Thursday, September 21, 2023
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Broadcast firms reach antitrust settlement to clear way for merger

Addressing concerns that a Gray Television-Quincy Media merger would result in higher monthly cable and satellite bills for millions of Americans, the Justice Department said the deal can proceed if the companies divest 10 television stations across seven markets.

WASHINGTON (CN) — The Justice Department filed a proposed merger settlement with Gray Television on Wednesday over the company’s plans to acquire Quincy Media for $925 million — a move the government said would significantly harm media competition.

“I am pleased that we have been able to reach a complete resolution of the department’s concerns, thanks in part to the parties’ commitment to engage in good faith settlement talks from the outset of our investigation,” acting Assistant Attorney General Richard Powers said in a statement

The Georgia and Illinois-based broadcast groups overlap in seven local markets around the country, where they each own at least one Big Four – NBC, CBS, ABC and FOX – affiliate station. If the acquisition were to go through as originally planned, the Justice Department argued that competition would be eliminated in the licensing of Big Four network content, passing the cost onto distributors, and eventually, to subscribers. 

Typically, distributors like Comcast or DirecTV pay the owner of local Big Four broadcast stations for the right to transmit their content. Broadcast station groups like Gray and Quincy negotiate with distributors — but if they can’t come to an agreement, there’s a blackout of the station. And instead of turning to other smaller stations, subscribers usually turn to other Big Four stations where they can watch news, primetime shows, sports and weather. 

If the two broadcast groups merged, the federal government argued in its complaint that Gray would have a greater ability to black out more Big Four stations in each of the seven overlapping markets, increasing the company's leverage with distributors.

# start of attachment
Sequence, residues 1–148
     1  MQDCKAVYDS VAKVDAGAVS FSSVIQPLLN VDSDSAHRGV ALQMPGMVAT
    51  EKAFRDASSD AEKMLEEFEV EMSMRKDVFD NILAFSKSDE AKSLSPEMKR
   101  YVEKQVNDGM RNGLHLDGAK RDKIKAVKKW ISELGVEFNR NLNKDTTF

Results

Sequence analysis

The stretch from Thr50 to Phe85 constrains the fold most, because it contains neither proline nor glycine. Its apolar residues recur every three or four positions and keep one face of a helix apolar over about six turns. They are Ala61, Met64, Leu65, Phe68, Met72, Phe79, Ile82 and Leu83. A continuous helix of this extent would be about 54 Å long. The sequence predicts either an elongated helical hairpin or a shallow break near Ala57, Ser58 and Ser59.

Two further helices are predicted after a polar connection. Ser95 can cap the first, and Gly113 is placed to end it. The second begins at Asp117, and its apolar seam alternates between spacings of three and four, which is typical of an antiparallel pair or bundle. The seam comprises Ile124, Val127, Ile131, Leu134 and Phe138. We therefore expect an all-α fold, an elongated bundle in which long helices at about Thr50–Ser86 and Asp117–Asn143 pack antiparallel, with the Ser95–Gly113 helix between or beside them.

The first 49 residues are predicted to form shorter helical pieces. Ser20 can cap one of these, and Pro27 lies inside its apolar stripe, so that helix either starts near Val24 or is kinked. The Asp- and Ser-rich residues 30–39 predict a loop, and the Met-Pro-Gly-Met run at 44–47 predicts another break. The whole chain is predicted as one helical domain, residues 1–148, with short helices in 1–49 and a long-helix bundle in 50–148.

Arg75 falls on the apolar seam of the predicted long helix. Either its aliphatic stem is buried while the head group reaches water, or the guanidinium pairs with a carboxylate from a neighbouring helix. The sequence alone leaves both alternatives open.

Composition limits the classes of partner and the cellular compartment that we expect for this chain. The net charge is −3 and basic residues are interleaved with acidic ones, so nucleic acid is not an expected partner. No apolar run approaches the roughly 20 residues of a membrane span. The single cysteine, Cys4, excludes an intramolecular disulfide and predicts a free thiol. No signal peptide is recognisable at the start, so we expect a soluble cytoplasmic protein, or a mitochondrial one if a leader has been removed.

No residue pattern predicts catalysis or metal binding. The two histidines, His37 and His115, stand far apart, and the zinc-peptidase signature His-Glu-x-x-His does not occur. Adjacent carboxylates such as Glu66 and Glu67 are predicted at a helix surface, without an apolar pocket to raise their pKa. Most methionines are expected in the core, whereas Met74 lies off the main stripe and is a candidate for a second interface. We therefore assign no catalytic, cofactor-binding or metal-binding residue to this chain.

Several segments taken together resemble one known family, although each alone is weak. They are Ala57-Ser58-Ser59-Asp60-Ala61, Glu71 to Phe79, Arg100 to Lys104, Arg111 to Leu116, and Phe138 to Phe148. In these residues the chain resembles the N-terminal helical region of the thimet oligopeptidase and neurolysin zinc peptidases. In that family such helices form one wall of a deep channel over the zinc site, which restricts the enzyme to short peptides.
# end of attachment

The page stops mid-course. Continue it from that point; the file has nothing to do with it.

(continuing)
The broadcast giant would also be able to charge higher prices to local businesses and advertisers, who often choose to use a Big Four program for advertising over a cable TV spot. 

Under the settlement agreement — filed alongside the complaint Wednesday in Washington federal court, but yet to be approved by a judge — Gray and Quincy would need to divest 10 broadcast stations in the seven overlapping markets: Tucson, Arizona; Madison, Wisconsin; Rockford, Illinois; Paducah, Kentucky; Cedar Rapids, Iowa; La Crosse, Wisconsin; and Wausau, Wisconsin. 

“Without the required divestitures, Gray’s acquisition of Quincy threatens significant competitive harm to cable and satellite TV subscribers and small businesses that advertise on broadcast television,” Powers said. 

The stations will be divested to Allen Media Holdings, which operates 14 broadcast television stations in 12 local markets, or another acquirer that the Justice Department approves. 

For comparison, Gray owns 165 television in 94 local markets, and Quincy owns 20 television stations in 16 local markets. 

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Categories / Business, Consumers, Entertainment, Government

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